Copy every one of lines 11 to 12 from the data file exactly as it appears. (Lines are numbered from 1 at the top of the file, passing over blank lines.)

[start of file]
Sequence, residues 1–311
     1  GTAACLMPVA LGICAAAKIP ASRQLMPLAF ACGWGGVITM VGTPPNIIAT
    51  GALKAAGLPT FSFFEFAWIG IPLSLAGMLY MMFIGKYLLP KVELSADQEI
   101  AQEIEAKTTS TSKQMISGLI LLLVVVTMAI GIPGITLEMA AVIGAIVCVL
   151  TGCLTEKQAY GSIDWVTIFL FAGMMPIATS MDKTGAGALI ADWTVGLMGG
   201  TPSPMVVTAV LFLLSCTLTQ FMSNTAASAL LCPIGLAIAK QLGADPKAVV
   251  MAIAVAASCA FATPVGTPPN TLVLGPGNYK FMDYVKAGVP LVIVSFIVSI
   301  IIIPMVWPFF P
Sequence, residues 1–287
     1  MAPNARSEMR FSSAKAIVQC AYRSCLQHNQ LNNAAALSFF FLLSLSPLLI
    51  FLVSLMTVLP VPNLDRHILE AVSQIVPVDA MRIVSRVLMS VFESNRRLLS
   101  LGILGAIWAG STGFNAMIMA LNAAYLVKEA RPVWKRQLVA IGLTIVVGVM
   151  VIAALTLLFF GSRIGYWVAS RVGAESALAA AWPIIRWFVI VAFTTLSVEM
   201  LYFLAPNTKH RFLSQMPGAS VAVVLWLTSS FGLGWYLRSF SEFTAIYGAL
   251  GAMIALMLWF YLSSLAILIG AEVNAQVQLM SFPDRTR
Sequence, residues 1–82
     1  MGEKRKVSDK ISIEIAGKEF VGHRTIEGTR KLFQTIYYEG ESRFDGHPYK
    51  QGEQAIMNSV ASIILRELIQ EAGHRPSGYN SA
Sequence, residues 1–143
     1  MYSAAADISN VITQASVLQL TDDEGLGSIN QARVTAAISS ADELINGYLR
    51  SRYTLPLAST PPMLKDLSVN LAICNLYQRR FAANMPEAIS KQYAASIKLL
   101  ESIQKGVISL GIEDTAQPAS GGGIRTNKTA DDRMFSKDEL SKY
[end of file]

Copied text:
    51  FLVSLMTVLP VPNLDRHILE AVSQIVPVDA MRIVSRVLMS VFESNRRLLS
   101  LGILGAIWAG STGFNAMIMA LNAAYLVKEA RPVWKRQLVA IGLTIVVGVM